You've seen them in the back of magazines--heck, probably Popular Science--all your life: the crazy swirling paper X-ray specs, with the campy '50s pervert looking at the bloomers of a shocked gal. While we don't support such nefarious uses, you can make your own working X-ray camera, just by modifying a CVS Disposable. It won't give you Superman vision, but you should be able to see through one or two layers of paper and fabric (again, behave!) in the right light. Here's the catch: The key is in a hard-to-find X-ray conversion material called a beryllium
window. PopSci got its sample from NASA during a visit to the Goddard Space Flight Center a few years ago, as it is sometimes used in satellites to block out cosmic X rays that might distort digital communications. The filter converts X rays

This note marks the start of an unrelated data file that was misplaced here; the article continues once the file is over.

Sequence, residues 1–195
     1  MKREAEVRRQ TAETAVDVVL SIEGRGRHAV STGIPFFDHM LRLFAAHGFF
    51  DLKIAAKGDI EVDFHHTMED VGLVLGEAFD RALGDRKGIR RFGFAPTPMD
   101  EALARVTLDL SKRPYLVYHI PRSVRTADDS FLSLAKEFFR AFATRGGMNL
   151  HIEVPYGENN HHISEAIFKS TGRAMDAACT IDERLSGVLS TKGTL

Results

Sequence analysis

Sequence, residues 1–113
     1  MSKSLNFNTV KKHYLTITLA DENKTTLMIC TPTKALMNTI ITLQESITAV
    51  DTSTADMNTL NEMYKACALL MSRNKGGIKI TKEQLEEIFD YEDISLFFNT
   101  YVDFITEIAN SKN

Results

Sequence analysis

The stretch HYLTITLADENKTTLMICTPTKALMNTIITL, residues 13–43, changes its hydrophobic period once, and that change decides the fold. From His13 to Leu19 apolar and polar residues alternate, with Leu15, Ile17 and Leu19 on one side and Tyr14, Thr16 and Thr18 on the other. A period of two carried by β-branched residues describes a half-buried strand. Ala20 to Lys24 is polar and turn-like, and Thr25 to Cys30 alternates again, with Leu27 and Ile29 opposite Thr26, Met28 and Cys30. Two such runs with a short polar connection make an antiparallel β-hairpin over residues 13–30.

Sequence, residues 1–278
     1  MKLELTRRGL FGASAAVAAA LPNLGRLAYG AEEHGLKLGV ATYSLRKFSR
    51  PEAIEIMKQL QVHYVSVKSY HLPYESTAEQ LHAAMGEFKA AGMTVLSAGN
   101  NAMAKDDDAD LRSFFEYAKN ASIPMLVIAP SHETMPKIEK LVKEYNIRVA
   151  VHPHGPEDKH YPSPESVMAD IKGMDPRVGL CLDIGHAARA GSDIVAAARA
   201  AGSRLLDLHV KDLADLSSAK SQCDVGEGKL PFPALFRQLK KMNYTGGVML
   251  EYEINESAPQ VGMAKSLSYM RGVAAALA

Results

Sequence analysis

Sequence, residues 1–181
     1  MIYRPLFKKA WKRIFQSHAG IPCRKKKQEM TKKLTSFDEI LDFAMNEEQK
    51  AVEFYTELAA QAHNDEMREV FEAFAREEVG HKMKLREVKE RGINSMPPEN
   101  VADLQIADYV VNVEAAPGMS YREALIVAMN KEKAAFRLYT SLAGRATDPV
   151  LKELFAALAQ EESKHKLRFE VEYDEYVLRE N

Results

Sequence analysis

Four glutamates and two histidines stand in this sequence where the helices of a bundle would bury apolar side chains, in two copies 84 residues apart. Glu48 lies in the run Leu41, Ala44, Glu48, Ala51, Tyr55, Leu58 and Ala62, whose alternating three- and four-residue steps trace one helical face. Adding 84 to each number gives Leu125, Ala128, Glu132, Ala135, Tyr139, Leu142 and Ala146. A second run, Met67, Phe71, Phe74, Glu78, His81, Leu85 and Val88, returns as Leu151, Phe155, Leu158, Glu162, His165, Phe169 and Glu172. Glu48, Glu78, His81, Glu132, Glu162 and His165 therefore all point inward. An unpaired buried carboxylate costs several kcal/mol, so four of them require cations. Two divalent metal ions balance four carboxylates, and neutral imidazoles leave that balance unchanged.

into visible light by using an optical down conversion process to lower the energy of the photons. This will prevent your digital "film" from being overexposed by too many different wavelengths. And though it's technically not illegal, you can't buy the material from any reputable store. (We also wouldn't recommend bringing the stuff with you on your next trip to North Korea.) If you do manage to track down a small piece, here's how to mod your camera and give it superpowers.